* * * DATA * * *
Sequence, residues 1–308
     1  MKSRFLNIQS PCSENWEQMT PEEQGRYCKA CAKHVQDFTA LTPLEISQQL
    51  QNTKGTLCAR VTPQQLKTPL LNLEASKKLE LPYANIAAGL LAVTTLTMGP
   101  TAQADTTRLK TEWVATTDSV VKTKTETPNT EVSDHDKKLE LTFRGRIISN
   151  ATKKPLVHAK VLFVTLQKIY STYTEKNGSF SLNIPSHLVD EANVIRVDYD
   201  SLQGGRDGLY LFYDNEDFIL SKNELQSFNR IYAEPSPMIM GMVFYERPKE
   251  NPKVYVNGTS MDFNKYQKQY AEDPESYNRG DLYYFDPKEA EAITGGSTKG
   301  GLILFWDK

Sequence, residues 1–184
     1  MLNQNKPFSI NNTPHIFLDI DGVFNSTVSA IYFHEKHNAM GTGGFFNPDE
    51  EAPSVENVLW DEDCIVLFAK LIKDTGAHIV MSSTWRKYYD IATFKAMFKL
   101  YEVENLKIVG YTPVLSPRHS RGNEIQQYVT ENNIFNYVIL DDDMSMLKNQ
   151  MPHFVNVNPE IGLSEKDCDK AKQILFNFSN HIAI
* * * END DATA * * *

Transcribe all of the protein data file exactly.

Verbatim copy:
Sequence, residues 1–308
     1  MKSRFLNIQS PCSENWEQMT PEEQGRYCKA CAKHVQDFTA LTPLEISQQL
    51  QNTKGTLCAR VTPQQLKTPL LNLEASKKLE LPYANIAAGL LAVTTLTMGP
   101  TAQADTTRLK TEWVATTDSV VKTKTETPNT EVSDHDKKLE LTFRGRIISN
   151  ATKKPLVHAK VLFVTLQKIY STYTEKNGSF SLNIPSHLVD EANVIRVDYD
   201  SLQGGRDGLY LFYDNEDFIL SKNELQSFNR IYAEPSPMIM GMVFYERPKE
   251  NPKVYVNGTS MDFNKYQKQY AEDPESYNRG DLYYFDPKEA EAITGGSTKG
   301  GLILFWDK

Sequence, residues 1–184
     1  MLNQNKPFSI NNTPHIFLDI DGVFNSTVSA IYFHEKHNAM GTGGFFNPDE
    51  EAPSVENVLW DEDCIVLFAK LIKDTGAHIV MSSTWRKYYD IATFKAMFKL
   101  YEVENLKIVG YTPVLSPRHS RGNEIQQYVT ENNIFNYVIL DDDMSMLKNQ
   151  MPHFVNVNPE IGLSEKDCDK AKQILFNFSN HIAI